On Mon, Aug 2, 2010 at 2:39 PM, Aaron Morton <email@example.com>
You may need to provide some more information on how many reads your sending to the cluster. Also...
How many nodes do you have in the cluster ?
We have a cluster of 4 nodes.
When you are seeing high response times on one node, what's the load like on the others ?
They are low and until recently when that node was removed performance would increase, but as of today the problem appeared to just move to another node once the original faulty node was removed.
Is the data load evenly distributed around the cluster ?
No it is not it look like this:
Address Status Load Range Ring
10.4.45.22 Up 60.6 GB 23543694856340775179323589033850348191 |<--|
10.4.45.21 Up 58.67 GB 64044280785277646901574566535858757214 | |
10.4.44.22 Down 76.27 GB 145455238521487150744455174232451506694 | |
10.4.44.21 Up 67.45 GB 153186065170709351569621555259205461067 |-->|
the down node is the original culprit. then once that was down it moved to 10.4.44.21. Or setup is using rackaware with the 2 nodes in each switch. we tried to use 2 nics one for thrift and one for gossip but couldnt get that working. so now we just use on nic for all traffic.
Are your clients connecting to different nodes in the cluster ?
Yes we use Pelops and have all 4 nodes in the pool
Perhaps that node is somehow out of sync with the others...
Dont understand what you mean?
Anything odd happened in the cluster recently, such as one node going down ?
Yes the node is a test server so it has gone down to update jvm and storage-conf setting but only for a short amount of time.
When was the last time you ran repair?
We just ran it today and it didn't have any change. Almost immediately the row-read-start goes over 4000
heres what iostats looks like:
avg-cpu: %user %nice %system %iowait %steal %idle
3.34 0.00 1.00 33.93 0.00 61.73
Device: rrqm/s wrqm/s r/s w/s rsec/s wsec/s avgrq-sz avgqu-sz await svctm %util
sda 0.00 0.00 0.00 0.00 0.00 0.00 0.00 0.00 0.00 0.00 0.00
sda1 0.00 0.00 0.00 0.00 0.00 0.00 0.00 0.00 0.00 0.00 0.00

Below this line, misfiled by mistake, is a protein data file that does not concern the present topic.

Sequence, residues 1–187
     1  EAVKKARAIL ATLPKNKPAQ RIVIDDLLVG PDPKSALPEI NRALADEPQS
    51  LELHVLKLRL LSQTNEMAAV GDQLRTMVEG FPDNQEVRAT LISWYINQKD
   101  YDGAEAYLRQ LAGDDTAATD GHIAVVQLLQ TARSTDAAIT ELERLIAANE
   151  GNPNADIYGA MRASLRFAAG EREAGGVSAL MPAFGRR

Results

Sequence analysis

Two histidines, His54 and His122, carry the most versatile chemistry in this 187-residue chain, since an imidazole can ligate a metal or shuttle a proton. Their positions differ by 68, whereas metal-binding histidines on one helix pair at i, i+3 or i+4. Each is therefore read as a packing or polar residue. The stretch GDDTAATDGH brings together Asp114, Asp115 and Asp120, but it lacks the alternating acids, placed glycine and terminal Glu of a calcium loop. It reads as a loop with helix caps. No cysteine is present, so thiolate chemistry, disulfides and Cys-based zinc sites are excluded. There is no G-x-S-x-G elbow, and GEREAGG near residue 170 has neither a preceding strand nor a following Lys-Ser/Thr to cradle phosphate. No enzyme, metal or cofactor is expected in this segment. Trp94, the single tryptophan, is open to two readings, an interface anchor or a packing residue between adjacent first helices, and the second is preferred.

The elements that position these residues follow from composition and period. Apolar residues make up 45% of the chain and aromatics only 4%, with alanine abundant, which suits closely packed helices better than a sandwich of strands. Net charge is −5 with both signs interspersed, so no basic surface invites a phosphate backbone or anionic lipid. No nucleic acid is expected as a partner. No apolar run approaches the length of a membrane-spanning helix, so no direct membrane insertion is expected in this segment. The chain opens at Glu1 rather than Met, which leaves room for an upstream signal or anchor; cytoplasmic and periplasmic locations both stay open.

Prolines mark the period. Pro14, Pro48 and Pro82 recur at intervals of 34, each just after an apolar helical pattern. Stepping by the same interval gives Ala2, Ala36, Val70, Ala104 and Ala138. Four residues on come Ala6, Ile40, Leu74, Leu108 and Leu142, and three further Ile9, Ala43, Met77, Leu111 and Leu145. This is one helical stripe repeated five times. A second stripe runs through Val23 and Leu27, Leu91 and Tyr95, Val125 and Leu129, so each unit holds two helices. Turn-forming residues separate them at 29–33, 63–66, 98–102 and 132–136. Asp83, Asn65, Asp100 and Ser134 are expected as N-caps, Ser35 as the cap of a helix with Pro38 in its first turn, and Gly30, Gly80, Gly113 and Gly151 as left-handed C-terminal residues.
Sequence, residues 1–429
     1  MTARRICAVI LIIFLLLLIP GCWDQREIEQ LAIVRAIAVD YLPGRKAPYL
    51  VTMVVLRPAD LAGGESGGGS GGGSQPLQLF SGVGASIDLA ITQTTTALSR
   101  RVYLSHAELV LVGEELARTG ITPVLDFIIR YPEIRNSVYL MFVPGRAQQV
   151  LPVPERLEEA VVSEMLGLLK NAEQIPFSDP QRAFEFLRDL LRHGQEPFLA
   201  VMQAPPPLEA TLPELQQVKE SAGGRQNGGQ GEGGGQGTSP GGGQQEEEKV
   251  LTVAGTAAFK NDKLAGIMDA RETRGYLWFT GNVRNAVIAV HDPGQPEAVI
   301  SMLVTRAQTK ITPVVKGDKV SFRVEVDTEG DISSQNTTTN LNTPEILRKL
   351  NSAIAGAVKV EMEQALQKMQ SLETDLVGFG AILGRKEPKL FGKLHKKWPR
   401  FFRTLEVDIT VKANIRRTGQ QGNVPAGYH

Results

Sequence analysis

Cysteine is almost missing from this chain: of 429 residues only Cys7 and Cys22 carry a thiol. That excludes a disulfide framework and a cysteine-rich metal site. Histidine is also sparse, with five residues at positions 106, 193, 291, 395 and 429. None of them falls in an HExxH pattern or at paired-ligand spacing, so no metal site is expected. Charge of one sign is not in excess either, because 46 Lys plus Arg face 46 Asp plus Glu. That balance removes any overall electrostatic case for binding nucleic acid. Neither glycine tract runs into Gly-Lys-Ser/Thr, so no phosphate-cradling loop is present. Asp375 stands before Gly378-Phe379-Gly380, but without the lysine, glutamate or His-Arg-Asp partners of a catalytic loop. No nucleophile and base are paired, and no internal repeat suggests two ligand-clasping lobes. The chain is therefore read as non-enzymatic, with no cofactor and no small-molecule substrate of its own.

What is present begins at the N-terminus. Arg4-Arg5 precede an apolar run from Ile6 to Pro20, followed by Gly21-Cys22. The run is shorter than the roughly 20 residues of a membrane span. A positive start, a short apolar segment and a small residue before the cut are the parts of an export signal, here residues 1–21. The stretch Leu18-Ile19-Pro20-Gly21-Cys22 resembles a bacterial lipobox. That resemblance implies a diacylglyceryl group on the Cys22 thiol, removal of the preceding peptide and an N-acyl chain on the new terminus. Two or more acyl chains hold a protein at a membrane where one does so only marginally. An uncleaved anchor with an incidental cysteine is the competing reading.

sda2 0.00 0.00 0.00 0.00 0.00 0.00 0.00 0.00 0.00 0.00 0.00
sdb 335.50 0.00 70.50 0.00 3248.00 0.00 46.07 0.78 11.01 7.40 52.20
sdc 330.00 0.00 70.00 0.50 3180.00 4.00 45.16 2.10 29.65 13.09 92.30
sdd 310.00 0.00 93.50 0.50 3040.00 8.00 32.43 33.78 350.13 10.64 100.05
dm-0 0.00 0.00 97.00 0.50 9712.00 4.00 99.65 38.28 384.30 10.26 100.05
Drives are 3-1TB (sdb - sdd) drives stripped using lvm raid 0 and 1TB (sda) for commit log
Anything else i can provide that might help diagnose.
On 03 Aug, 2010,at 06:47 AM, Artie Copeland <firstname.lastname@example.org
i have a question on what are the signs from cassandra that new nodes should be added to the cluster. We are currently seeing long read times from the one node that has about 70GB of data with 60GB in one column family. we are using a replication factor of 3. I have tracked down the slow to occur when either row-read-stage or message-deserializer-pool is high like atleast 4000. my systems are 16core, 3 TB, 48GB mem servers. we would like to be able to use more of the server than just 70GB.
The system is a realtime system that needs to scale quite large. Our current heap size is 25GB and are getting atleast 50% row cache hit rates. Does it seem strange that cassandra is not able to handle the work load? We perform multislice gets when reading similar to twissandra does. this is to cut down on the network ops. Looking at iostat it doesnt appear to have alot of queued reads.
What are others seeing when they have to add new nodes? What data sizes are they seeing? This is needed so we can plan our growth and server purchase strategy.